Watching brief by K Butler of CBAS revealed no archaeological features, although two pottery sherds dating to the Saxo-Norman period were recovered from the topsoil, suggesting possible early medieval activity on or near the site. The majority of the artefacts recovered during the watching brief were dated to the mid–late 16th century, contemporary with Forge Cottage. Other pottery recovered was of the early post-medieval period, although the largest quantity was of 19th century date.
Historic building assessment by M Higgins of SCC of a previously unrecognised three-unit (parlour, hall and service) medieval open-hall house, with an internal jetty at the upper end, an overshot cross-passage at the low end and a suggested date of the third quarter of the 15th century.
Evaluation by M Saywood of SCAU identified no finds or features of archaeological significance.
Watching brief by K Beaverstock of TVAS produced no features or finds of archaeological significance.
Evaluation by A Mundin of TVAS recorded a sequence of alluvial deposits sealed by 19th century dumped material, thought to be the result of land-raising activity. A number of late post-medieval/modern walls were recorded with associated artefacts but no deposits of archaeological significance were identified.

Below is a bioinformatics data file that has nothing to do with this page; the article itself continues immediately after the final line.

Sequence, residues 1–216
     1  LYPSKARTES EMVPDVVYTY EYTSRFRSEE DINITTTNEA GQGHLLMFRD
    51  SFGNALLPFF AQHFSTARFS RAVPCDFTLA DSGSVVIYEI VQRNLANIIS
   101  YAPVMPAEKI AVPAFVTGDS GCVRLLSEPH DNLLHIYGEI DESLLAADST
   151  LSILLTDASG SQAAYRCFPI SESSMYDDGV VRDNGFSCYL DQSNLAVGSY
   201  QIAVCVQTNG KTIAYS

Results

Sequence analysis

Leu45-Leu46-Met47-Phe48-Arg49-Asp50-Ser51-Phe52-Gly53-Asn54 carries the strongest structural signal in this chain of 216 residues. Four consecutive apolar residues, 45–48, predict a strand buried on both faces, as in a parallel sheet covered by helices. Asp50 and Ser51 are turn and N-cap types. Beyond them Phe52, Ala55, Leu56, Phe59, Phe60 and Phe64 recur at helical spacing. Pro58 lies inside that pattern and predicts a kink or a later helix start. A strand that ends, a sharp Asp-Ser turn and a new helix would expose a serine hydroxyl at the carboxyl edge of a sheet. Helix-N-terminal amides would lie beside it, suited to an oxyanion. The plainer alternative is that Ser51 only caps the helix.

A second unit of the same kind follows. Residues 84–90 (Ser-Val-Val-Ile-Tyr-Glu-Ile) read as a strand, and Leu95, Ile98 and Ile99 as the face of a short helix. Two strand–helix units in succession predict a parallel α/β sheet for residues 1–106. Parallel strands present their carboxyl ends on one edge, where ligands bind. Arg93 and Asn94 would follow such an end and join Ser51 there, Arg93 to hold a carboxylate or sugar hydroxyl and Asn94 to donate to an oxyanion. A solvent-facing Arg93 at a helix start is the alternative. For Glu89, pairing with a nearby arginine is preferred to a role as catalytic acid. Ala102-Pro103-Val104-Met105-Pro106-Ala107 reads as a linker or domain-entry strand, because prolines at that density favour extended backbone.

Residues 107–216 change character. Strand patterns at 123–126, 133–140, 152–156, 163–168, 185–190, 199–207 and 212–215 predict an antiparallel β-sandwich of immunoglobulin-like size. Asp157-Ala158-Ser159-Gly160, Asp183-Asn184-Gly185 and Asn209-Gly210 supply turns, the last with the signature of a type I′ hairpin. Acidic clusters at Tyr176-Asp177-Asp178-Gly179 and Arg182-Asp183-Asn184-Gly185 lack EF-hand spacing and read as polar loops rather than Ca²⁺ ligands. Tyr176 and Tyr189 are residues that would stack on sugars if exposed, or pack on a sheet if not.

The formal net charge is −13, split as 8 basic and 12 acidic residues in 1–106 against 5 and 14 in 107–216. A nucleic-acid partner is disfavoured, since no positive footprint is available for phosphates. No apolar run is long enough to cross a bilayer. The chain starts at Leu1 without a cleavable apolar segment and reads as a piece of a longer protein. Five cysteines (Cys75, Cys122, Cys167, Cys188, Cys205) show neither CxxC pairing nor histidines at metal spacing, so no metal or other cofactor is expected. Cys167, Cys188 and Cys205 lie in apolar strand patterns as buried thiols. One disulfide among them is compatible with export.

A second year of community test pitting directed by A Sassin and D Graham of SyAS. Fifteen 1m2 test pits excavated at Farnham Park, Garden Cottage and Lowndes End on Long Garden Walk, the Windsor Almshouses, 7A Castle Street, the Museum of Farnham, the Old Vicarage, and Bishops Meadow produced finds of post-medieval or Victorian date, attesting to the majority of pits being located outside the known medieval core of the town.
Evaluation by M Saywood of SCAU revealed a possible medieval or post-medieval ditch terminal. A subsequent watching brief revealed two pits and the possible remnant of an occupation deposit, all dated to the late medieval or early post-medieval period.
Evaluation by C Edwards of AOC revealed recent made-ground, a buried garden soil and natural gravels, but no finds or features of archaeological significance.
Evaluation by T Smith of Bristol & Region Archaeological Services recovered evidence for flint-working consisting of microdebitage, including complete and broken flakes and one small exhausted pyramid core of probable Mesolithic date. Recovery patterns suggested the assemblage was evenly distributed within the gravel deposits. No knapping concentrations were evident and it is likely that any former ground surfaces were removed during later landscaping, probably in advance of the construction of the Brethren’s Hall.
Excavation by A and D Graham of SyAS, and the Basingstoke Archaeological and Historical Society, of a Romano-British tile kiln. The kiln was in operation during the late 3rd and early 4th centuries, based on the dating of pottery and tile cutaways, and largely producing tegulae. The excavation followed fieldwalking and a geophysical survey